A federal court concluded Tuesday there is "insufficient time" before the November midterm elections to redraw an electoral map that the same court earlier ruled is unconstitutionally gerrymandered.
"Having carefully reviewed the parties' briefing and supporting materials, we conclude that there is insufficient time for this Court to approve a new districting plan and for the State to conduct an election using that plan prior to the seating of the new Congress in January 2019," the court ruling read.
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"And we further find that imposing a new schedule for North Carolina's congressional elections would, at this late juncture, unduly interfere with the State's electoral machinery and likely confuse voters and depress turnout."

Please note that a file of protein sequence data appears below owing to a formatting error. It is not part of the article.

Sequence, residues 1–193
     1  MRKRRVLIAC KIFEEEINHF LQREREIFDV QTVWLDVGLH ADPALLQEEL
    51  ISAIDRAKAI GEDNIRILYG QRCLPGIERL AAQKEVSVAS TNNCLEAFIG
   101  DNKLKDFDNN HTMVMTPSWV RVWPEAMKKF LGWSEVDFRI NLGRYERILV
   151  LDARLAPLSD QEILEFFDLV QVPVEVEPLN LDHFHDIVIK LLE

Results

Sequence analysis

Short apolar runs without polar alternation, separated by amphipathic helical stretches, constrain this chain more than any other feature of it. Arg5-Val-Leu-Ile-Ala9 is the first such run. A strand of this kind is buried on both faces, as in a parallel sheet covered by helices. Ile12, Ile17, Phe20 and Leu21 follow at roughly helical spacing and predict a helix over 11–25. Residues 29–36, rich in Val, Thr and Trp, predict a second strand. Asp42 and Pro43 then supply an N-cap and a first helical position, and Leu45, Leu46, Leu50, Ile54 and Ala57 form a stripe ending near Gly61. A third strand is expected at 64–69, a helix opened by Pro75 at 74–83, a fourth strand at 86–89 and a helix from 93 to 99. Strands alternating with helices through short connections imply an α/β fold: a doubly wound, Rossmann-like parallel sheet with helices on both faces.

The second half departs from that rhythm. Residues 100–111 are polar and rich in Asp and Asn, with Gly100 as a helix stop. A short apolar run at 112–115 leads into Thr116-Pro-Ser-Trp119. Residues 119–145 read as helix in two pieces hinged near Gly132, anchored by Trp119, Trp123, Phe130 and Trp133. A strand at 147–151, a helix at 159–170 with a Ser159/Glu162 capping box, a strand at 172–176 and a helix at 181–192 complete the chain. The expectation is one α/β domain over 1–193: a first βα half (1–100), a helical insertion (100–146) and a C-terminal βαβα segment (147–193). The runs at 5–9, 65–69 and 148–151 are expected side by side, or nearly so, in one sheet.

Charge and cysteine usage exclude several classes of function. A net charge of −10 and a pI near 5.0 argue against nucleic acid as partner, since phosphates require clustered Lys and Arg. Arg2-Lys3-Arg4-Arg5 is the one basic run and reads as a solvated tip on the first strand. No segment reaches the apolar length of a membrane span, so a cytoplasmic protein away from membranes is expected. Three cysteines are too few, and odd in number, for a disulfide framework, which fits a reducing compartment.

In late August, the same panel of federal judges ruled that North Carolina's congressional map favors Republicans and "constitutes an unconstitutional partisan gerrymander in violation of the Equal Protection Clause of the Fourteenth Amendment, the First Amendment, and Article I of the Constitution."
Republicans hold 10 of the state's 13 seats in the US House of Representatives, and a redrawn map could potentially affect control of the House.
The court ruled North Carolina cannot use the current gerrymandered congressional map after the Nov. 6 general election.
CLARIFICATION: This story has been updated to clarify one court has ruled the map is unconstitutional.